Perspective aint no Antidote
Life is one seriously fucked up sequence of events. If it aint cars whizzing past each and every day, its homeless people begging in your face. If it aint back-stabbing cowards getting one over on you, it’s loved ones letting you down. Hell if it aint your own reflection depressing you when you look in the mirror at night, it’s your negative attitude stopping you from pursuing your dreams.
They say life is a journey, and that may be so, but a metaphor doesn’t make things any better when times are hard. A ‘journey’ doesn’t put healthy food on the table or pay for decent running shoes… See, if we all started out on a level playing field, we may appreciate that ‘journey’ a little more and see life more as a challenge, a game even. If we were all brought into the world with X amount of money underneath us and a stable family surrounding us… Fuck it, let’s all have the same level of care and love throughout childhood too, just to really make things equal for everyone… If we all had this, then yes, let’s race to the finish line and give it our all; let’s embrace every moment and learn from every dip.
But. When some people start the race from the finishing line, whilst others begin in the sewers without so much as a torch (yet they’re still expected to compete) is it any wonder people are led astray or give up before they’ve began? Is it any wonder people turn to drugs, prostitution, homelessness or alcohol (obviously, not everyone chooses these but some do make the choice…) If times have been so shit, and only seem to be getting worse, no matter how illogical these vices seem to a motivated person, it’s easy for that line of logic to become a blur; for the grass to seem greener, for individuals to feel like they are getting more good from something than what they are.
Even those who weren’t born on the finish line; who have climbed out of the sewers and attempted to compete in this race can end up right back at the start, before the start, so far behind the start that it aint worth catching up to it again. And why the fuck would they?!
Then there’s death, and the unfairness of this.
No matter where you are in the world, always look out for those around you and never look down on anyone: You’d be surprised how easy it is to fall into a trap and cross that line yourself when things go wrong. The last time I was on this train from London, I cried all the way from Euston to Birmingham; contemplating whether to get off along the way and hit the streets… I had my reasons but I know now that, in my case, it was just a blip; a small scratch in the Vengaboys CD that is my life. Knowing this doesn’t make the pain any less real though; perspective doesn’t act as an antidote.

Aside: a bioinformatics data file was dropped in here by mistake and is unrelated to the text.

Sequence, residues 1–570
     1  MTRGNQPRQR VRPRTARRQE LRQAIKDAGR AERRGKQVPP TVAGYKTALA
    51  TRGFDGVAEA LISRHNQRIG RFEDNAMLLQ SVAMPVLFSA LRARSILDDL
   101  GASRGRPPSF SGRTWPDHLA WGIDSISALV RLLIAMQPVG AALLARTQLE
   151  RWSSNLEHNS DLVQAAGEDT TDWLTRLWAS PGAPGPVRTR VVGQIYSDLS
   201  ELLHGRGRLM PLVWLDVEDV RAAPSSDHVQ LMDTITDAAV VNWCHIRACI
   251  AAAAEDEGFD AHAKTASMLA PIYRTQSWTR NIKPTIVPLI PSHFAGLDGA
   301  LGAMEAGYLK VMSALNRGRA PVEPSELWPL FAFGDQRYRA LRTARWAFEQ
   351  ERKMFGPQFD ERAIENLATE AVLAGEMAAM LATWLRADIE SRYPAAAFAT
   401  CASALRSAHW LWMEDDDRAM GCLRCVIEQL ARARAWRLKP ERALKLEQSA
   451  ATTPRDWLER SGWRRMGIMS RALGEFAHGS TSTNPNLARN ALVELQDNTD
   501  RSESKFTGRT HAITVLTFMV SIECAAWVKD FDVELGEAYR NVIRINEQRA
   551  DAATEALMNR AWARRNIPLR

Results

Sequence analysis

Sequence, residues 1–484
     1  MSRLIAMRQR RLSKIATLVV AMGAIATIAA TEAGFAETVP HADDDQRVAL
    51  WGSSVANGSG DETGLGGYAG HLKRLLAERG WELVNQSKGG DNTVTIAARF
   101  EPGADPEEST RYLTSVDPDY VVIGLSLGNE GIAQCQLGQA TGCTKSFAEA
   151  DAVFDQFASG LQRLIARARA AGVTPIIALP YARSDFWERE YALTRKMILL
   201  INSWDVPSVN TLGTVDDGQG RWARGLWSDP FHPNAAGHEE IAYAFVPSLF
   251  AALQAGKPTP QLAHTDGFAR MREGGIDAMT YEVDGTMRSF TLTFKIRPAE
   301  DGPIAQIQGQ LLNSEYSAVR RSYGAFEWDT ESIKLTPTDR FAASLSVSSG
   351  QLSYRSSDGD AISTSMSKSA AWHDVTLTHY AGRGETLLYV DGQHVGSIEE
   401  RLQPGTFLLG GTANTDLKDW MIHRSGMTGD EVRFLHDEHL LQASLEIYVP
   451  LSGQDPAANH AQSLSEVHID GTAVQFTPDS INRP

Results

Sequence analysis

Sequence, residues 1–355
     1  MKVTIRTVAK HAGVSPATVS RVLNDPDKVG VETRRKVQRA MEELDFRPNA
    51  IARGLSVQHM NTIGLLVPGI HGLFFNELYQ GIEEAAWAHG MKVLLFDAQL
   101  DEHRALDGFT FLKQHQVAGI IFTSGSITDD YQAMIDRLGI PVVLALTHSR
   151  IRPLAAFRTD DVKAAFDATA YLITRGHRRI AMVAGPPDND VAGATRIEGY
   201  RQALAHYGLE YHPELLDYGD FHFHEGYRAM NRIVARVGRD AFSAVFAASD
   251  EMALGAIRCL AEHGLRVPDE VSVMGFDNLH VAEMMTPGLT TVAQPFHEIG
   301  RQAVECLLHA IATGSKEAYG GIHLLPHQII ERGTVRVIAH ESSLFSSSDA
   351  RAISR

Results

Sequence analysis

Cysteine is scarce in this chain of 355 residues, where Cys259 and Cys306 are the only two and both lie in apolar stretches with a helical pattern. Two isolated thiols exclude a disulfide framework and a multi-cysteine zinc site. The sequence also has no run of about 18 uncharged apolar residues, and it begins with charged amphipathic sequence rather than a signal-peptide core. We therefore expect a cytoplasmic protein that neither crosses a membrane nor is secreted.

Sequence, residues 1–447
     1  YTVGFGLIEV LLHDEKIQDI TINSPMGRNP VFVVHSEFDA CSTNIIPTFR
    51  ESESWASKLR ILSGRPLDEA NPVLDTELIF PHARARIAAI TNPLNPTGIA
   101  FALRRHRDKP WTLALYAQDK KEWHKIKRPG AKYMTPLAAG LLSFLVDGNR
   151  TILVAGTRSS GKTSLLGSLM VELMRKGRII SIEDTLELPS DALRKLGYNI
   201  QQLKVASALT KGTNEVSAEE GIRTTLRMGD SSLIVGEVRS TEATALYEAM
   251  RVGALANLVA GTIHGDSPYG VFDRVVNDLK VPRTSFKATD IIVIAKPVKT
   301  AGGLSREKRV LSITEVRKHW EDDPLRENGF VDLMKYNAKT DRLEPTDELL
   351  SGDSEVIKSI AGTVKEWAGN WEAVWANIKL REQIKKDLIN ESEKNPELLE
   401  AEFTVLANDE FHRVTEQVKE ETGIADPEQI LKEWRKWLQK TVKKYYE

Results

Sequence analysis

For me, volunteering and helping others is the closest I have to a solution. I also see it as a human obligation; something we should all do throughout life. Even small acts like offering my sofa to friends in need is something I’ve always done. Now I’m in a position where I’m being helped, and I am so in awe by this; whether I’ve been offered a spare bed, dinner or a simple drink I cannot emphasise how grateful I am to those who have proactively come to help me these last few months.
Soon, I’ll be sent to the other side of the world to help people in a developing nation, and so the cycle will continue….
It’s interesting what motivates us; how we’re all so different. For me, it’s volunteering and building this blog. It doesn’t bother me if anybody even reads this as I know that every word I write is being read by a special woman; a mentor, a lady who reinvigorated my passion for writing and whose face would light up anytime I read aloud. The most amazing thing about her was what she did for those marginalised in society; she gave the homeless a stage, victims of sexual abuse a voice, people in my home town who were living with trauma had a safe space, every week, thanks to this beautiful American tutor. She had the right idea about life: She wrote, and she helped people, she did this through a programme called Reading the World.
Every word I write, and every good deed I do, I do with her in my mind. As long as I have air in my lungs, a pen in my hand and the ability to help or inspire others, I’ll remind myself to appreciate every minute of life because, no matter what we call this ‘journey’ it will get taken from us one day. And when that day comes, I want someone to think of me like I think of Joan Behar.
No word in the English dictionary can begin to describe the truly incredible impact she’s had on me, on us or on the world. No amount of time nor perspective will ever act as an antidote for what we’ve lost.
RIP friend – and thank you.